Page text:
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Short-Term Plasticity Neurons Learning to Learn and Forget

Hector Garcia Rodriguez · Qinghai Guo · Timoleon Moraitis

Room 310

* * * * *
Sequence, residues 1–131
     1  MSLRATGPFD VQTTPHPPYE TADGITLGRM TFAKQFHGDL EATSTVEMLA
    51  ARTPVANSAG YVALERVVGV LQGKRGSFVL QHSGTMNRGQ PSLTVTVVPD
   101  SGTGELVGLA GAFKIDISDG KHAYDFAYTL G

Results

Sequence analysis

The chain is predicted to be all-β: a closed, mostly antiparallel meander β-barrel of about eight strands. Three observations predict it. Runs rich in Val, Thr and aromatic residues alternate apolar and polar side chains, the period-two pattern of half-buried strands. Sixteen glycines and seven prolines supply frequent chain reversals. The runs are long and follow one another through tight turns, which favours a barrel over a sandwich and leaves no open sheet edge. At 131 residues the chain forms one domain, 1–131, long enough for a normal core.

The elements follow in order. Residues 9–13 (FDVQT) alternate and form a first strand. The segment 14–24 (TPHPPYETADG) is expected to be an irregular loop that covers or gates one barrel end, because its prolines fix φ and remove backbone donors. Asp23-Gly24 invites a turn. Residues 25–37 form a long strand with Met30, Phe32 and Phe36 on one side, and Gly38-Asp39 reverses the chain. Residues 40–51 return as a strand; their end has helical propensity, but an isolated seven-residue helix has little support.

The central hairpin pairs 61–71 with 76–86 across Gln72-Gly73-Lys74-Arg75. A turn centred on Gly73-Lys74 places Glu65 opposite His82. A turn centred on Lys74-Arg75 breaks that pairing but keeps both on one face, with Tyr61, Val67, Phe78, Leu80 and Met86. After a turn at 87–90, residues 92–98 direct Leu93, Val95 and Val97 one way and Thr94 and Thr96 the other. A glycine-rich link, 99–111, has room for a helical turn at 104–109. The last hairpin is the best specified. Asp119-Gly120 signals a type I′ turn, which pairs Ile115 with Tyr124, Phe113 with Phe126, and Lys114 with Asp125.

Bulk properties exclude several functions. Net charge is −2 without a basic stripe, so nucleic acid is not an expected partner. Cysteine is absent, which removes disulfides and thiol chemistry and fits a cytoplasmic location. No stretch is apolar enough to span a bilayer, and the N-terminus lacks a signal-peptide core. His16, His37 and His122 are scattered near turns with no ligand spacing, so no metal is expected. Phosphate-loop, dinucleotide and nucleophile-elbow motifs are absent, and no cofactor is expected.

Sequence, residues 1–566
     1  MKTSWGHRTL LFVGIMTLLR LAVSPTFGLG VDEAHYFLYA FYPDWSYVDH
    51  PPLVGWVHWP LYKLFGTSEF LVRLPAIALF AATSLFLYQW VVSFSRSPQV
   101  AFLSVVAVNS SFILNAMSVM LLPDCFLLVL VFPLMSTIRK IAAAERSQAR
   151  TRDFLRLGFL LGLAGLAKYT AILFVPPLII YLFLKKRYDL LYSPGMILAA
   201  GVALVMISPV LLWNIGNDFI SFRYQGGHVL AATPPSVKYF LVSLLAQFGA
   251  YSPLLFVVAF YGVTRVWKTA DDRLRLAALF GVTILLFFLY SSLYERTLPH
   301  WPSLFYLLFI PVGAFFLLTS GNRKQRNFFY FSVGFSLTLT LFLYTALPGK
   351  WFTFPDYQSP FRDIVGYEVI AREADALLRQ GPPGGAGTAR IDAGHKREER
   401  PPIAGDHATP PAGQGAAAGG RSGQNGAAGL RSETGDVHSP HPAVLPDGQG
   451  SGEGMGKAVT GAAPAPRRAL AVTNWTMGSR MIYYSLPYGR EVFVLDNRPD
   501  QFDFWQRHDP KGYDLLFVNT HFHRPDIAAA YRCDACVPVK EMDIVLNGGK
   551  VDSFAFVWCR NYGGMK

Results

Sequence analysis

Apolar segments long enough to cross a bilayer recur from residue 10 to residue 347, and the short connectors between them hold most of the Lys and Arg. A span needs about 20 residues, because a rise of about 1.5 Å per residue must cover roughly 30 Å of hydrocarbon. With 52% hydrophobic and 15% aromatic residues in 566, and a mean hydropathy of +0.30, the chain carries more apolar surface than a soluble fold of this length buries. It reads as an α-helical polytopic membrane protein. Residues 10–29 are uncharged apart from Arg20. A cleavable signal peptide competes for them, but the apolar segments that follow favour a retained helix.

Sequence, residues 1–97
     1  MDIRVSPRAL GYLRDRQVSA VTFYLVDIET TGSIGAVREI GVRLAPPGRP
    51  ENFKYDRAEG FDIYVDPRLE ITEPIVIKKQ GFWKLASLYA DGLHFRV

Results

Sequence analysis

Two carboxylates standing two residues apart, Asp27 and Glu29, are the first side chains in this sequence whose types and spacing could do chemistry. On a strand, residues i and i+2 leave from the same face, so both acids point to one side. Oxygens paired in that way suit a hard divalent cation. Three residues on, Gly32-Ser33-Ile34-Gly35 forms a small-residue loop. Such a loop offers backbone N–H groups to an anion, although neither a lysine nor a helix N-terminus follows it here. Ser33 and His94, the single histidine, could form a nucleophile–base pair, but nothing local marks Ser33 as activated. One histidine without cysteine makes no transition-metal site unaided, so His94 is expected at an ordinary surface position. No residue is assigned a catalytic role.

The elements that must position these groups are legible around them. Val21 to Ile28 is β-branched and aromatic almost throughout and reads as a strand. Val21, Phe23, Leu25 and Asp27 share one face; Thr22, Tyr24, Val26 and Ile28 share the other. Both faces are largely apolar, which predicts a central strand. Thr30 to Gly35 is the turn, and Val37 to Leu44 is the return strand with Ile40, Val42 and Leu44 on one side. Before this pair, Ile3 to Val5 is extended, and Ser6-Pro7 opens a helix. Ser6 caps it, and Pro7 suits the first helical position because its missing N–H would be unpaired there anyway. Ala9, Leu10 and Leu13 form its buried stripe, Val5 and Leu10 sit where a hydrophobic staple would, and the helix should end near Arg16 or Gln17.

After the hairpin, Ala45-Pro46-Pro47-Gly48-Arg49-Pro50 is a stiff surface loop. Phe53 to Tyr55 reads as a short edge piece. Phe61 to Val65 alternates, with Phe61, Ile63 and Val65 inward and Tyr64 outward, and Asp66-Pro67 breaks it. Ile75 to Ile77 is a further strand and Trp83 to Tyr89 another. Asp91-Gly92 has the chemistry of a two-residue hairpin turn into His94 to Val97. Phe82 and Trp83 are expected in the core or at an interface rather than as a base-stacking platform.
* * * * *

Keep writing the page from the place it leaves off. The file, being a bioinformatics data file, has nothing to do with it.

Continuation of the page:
Short-term plasticity (STP) is a mechanism that stores decaying memories in synapses of the cerebral cortex. In computing practice, STP has been used, but mostly in the niche of spiking neurons, even though theory predicts that it is the optimal solution to certain dynamic tasks. Here we present a new type of recurrent neural unit, the STP Neuron (STPN), which indeed turns out strikingly powerful. Its key mechanism is that synapses have a state, propagated through time by a self-recurrent connection-within-the-synapse. This formulation enables training the plasticity with backpropagation through time, resulting in a form of learning to learn and forget in the short term. The STPN outperforms all tested alternatives, i.e. RNNs, LSTMs, other models with fast weights, and differentiable plasticity. We confirm this in both supervised and reinforcement learning (RL), and in tasks such as Associative Retrieval, Maze Exploration, Atari video games, and MuJoCo robotics. Moreover, we calculate that, in neuromorphic or biological circuits, the STPN minimizes energy consumption across models, as it depresses individual synapses dynamically. Based on these, biological STP may have been a strong evolutionary attractor that maximizes both efficiency and computational power. The STPN now brings these neuromorphic advantages also to a broad spectrum of machine learning practice. Code is available in

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